Buckle Down




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Buckle Down : Phrases



Meaning:

Apply oneself to hard work.


Origin:

This is a US phrase, although it may well be related to an earlier British phrase 'buckle to', which means much the same thing. That dates back to the early 18th century, for example, from John Arbuthnot's story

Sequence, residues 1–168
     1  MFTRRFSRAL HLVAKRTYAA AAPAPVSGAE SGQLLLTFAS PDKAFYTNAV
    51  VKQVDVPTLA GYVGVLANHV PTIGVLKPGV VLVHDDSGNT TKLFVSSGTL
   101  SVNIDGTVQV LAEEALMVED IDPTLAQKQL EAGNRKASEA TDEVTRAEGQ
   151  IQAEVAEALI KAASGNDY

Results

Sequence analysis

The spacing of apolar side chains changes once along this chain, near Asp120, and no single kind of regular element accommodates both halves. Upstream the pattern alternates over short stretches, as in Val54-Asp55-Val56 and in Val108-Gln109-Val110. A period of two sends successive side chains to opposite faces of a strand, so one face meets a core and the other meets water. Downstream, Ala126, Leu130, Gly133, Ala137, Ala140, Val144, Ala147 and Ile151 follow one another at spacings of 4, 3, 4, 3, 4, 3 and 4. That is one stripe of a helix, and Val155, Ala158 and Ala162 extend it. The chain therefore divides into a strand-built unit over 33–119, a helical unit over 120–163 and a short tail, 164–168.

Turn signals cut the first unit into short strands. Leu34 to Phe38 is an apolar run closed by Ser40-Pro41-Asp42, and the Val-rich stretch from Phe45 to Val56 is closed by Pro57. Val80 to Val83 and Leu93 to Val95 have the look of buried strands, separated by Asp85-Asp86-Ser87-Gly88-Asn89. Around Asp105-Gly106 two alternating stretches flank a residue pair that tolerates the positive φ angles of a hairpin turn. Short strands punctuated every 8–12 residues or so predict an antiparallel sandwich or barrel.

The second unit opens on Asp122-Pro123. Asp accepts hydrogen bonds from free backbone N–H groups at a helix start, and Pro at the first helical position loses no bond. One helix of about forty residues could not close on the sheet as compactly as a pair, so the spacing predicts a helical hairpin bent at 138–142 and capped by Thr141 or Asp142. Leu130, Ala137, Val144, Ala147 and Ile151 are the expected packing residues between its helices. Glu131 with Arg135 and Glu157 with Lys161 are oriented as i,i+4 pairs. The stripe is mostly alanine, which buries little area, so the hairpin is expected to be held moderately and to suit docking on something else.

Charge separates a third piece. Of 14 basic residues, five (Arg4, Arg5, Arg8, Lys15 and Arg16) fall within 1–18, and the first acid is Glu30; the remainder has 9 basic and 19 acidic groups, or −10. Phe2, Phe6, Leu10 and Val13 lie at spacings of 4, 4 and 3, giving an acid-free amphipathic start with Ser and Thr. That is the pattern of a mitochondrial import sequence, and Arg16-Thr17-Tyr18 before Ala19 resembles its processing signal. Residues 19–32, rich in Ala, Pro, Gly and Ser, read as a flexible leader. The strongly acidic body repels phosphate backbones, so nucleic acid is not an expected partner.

John Bull in The Law is a bottomless pit, 1712:


"'Squire South buckled too, to assist his friend Nic."


'Buckle down' is first cited in the American literary/cultural magazine
Atlantic Monthly 1865:


"If he would only buckle down to serious study."


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